HARRISBURG, June 11, 2012 – After more than three years of effort, Sen. Christine M. Tartaglione’s bill to raise revenue for State Police training classes while creating a fairer fine-distribution system passed the Senate unanimously today.

Senate Bill 237 is expected to raise as much as $4 million for cadet training, while municipalities that provide less than 40 hours of local police coverage will lose their share of fines collected through State Police traffic stops.

“Public safety is a top priority for state and local government, and it’s expensive,” Tartaglione said.  “We are not training enough new troopers to keep up with the need and at the same time some large municipalities are taking advantage of State Police.  That’s affecting all of us.”

Under current law, half of the traffic-enforcement fines collected through state police patrols in a local municipality are returned to the municipality through a Motor License Fund formula – even if the municipality relies only on the state for police protection.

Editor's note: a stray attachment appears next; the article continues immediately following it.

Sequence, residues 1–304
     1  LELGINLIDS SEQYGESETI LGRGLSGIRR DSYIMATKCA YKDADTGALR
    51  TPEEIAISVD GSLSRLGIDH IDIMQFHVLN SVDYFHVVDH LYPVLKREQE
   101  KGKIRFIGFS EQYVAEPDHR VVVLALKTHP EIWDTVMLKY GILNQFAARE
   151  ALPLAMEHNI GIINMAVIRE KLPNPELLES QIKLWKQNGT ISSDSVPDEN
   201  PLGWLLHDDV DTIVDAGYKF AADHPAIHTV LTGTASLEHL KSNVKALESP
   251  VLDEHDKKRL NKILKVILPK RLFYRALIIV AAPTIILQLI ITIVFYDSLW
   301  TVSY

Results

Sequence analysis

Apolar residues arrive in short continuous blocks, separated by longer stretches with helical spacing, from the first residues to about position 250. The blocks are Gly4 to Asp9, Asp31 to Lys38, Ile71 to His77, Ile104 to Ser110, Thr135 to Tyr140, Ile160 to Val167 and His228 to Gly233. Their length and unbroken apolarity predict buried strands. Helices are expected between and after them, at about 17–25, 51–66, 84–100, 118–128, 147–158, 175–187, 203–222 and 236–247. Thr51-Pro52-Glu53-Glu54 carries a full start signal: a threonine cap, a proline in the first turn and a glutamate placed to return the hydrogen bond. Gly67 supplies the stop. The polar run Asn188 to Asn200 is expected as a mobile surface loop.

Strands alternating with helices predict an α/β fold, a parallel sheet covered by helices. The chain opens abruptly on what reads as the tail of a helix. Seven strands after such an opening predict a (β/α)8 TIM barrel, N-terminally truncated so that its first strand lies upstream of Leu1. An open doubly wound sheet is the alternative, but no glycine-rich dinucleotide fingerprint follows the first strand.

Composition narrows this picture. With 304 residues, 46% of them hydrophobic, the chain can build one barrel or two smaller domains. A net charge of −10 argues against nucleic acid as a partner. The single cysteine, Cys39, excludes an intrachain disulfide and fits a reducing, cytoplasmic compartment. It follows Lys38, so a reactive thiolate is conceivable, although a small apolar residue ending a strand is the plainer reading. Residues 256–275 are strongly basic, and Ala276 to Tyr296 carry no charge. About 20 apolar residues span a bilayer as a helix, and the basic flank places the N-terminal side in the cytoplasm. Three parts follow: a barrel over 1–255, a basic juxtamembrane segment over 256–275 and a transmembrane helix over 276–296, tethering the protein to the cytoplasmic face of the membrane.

“Cities and small towns are struggling with the rising cost of police services, while more than 1,500 municipalities pay nothing, and get money back,” Tartaglione said. “This inequity has led to budget deficits and inadequate State Police staffing.”

Senate Bill 237 would deny distribution of traffic-fine revenue from the Motor License Fund to any municipality that does not provide locally for at least 40 hours of coverage per week through its own force or a regional contract.  Municipalities with fewer than 3,000 residents are exempt.

 The bill, first introduced by Tartaglione in the 2009-10 session as SB 225, passed the Senate Transportation Committee unanimously more than a year ago.  It is expected to affect about 1,200 municipalities across Pennsylvania.